#4 Auto AC (in the top two grades) and the thankfully non-aftermarket looking head unit. It's the same smartplay infotainment system we've seen in other Marutis and experience tells us that this works perfectly well. Why the aforementioned “ thankfully”? These are two things we didn't see in the Indonesian-spec Ertiga.
#5 The Audi-esque fake AC vents, flat-bottomed steering wheel, chunky, smooth finish wooden insert reflect more effort put in to make the new car feel special. This dashboard is unique to the Ertiga, unlike the old one that was a drag and drop from the Swift.
#6 Cool features: The Ertiga gets segment-first ventilated cupholders (useful for phones with a tendency to heat up too), a new colour MID in the petrol (same as the new Ciaz) and 12V sockets for all three rows.
#7 It gets a big boot with all the seats occupied too (209L-550L-803L). The third row's recline adjustment lets you strike a balance between luggage space and passenger comfort. For more space, there are two storage cubbies under the boot floor too. They're deep enough for a toddler's backpack each.
#8 Safety basics: Dual front airbags, ABS with EBD, rear parking sensors, ISOFIX, high speed alert, front seatbelt reminders and seatbelts with pre-tensioners and force limiters, all come as standard. The AT grades also get ESP and hill hold. The Maruti Ertiga with dual airbags has scored three stars in the Global NCAP crash test, under the #SaferCarsForIndia initiative.
But now it’s time to look at what we don’t like..
#1 Still no ESP for the manual, or six airbag option at all.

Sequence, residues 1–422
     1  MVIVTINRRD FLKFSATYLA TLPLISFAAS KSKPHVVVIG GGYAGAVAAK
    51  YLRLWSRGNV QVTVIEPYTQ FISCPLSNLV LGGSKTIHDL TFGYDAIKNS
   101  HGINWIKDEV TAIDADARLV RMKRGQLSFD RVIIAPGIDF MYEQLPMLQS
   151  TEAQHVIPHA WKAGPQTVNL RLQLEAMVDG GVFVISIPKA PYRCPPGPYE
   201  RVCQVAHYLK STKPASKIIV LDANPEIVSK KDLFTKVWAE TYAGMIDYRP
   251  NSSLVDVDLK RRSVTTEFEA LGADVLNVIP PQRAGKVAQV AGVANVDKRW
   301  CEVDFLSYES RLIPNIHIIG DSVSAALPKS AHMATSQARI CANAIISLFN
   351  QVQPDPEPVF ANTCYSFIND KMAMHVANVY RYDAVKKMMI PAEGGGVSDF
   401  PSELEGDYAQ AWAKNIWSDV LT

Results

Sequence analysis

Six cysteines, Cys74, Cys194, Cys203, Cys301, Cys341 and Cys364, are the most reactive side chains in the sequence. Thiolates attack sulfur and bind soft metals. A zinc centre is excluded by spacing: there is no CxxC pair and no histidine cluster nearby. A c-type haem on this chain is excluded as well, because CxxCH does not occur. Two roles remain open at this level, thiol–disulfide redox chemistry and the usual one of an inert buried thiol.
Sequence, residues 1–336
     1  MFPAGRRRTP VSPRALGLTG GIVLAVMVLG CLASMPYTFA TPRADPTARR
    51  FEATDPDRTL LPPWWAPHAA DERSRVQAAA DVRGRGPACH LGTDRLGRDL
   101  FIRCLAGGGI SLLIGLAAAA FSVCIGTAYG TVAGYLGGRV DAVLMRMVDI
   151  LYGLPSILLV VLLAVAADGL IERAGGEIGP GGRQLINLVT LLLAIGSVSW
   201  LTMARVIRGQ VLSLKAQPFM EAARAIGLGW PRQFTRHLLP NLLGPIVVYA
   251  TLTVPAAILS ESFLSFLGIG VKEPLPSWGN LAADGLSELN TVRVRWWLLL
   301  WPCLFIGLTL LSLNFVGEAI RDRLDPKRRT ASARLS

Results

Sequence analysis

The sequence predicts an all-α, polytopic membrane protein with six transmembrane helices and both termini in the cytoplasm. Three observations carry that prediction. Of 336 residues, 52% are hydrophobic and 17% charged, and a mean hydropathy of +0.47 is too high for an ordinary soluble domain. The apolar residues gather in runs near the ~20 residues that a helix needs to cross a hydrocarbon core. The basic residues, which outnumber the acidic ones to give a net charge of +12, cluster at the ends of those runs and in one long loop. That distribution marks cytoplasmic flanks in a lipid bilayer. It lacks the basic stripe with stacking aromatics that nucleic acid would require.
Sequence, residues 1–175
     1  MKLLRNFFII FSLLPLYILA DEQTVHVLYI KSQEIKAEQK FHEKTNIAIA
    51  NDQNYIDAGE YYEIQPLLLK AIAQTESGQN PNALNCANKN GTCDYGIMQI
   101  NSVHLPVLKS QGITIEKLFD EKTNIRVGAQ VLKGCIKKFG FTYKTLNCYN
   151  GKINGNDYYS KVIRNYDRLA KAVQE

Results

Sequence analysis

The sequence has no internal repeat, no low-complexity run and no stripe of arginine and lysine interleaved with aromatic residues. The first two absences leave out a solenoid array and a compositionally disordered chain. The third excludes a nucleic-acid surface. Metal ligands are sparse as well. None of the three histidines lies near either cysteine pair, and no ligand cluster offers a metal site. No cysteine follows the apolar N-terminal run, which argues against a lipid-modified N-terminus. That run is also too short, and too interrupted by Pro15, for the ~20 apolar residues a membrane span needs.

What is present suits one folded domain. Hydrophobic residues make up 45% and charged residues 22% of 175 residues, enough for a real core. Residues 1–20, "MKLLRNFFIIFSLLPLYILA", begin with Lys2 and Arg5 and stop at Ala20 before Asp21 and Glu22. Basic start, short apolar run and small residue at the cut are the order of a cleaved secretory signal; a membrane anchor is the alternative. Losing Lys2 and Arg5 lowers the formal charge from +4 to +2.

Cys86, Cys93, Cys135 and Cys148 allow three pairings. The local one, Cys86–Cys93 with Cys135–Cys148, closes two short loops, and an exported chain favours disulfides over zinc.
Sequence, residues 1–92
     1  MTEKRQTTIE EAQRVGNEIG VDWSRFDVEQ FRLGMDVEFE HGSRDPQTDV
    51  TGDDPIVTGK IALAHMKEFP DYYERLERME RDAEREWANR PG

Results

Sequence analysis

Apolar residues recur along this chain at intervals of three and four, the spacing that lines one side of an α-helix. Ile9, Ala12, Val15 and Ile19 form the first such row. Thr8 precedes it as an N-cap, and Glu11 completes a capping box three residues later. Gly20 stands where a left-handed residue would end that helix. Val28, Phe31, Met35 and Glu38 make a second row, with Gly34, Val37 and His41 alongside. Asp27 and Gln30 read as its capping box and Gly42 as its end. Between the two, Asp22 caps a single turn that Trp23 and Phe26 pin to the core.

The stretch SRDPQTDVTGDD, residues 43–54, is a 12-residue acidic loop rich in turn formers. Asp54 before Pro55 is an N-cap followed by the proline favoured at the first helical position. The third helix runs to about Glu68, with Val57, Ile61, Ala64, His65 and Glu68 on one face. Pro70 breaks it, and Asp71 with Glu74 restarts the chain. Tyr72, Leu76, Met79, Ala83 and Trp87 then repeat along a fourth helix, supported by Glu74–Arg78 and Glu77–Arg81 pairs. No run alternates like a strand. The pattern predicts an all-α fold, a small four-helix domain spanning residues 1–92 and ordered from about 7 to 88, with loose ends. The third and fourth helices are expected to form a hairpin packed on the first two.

#2 The feature misses are strange. No auto headlamps or wipers, there's a blank space on the steering where cruise control should've been, there's no reach adjustment for the steering and no auto-up for driver window! Come on!
#3 The overall quality is acceptable, but nothing great. Even the Santro's interior plastics feel richer. Experience with the Dzire also makes it clear that the seat fabric will not age well. The interior looks more upmarket, but is very familiar when it comes to other senses.
#4 There are still some age-old controls (the power window buttons). And you still get ugly instrument cluster stalks that don't deserve a place in a car that's here six years after the original. The top models of the new Ertiga can easily cross into about Rs 13 lakh or more (on-road) and compromises like these, at that price? Nope, not cool at all.
#5 A little nit-picky here, but we would've liked proper tumble-forward middle-row seats or a captain seat option, which would've been nice touches.
And that’s largely it. It is a brand new place to be in, but some touches/misses just don’t belong in a car like this in 2018. It’s like moving to a new home in a more upscale locality, but having the same old, loud and nosy neighbour.
And speaking of old..
Driven By Basics
You get the same 1.3-litre diesel engine as before, still good for 90PS/200Nm and available only with a 5-speed manual gearbox. At 25.47kmpl, it’s about 1kmpl more efficient as per Maruti’s claims. But one big, noticable difference here is a change in the SHVS assist. It feels like Maruti has polished it further. Even though it doesn't have the petrol's lithium ion SHVS setup, the initial torque assist feels more fluid.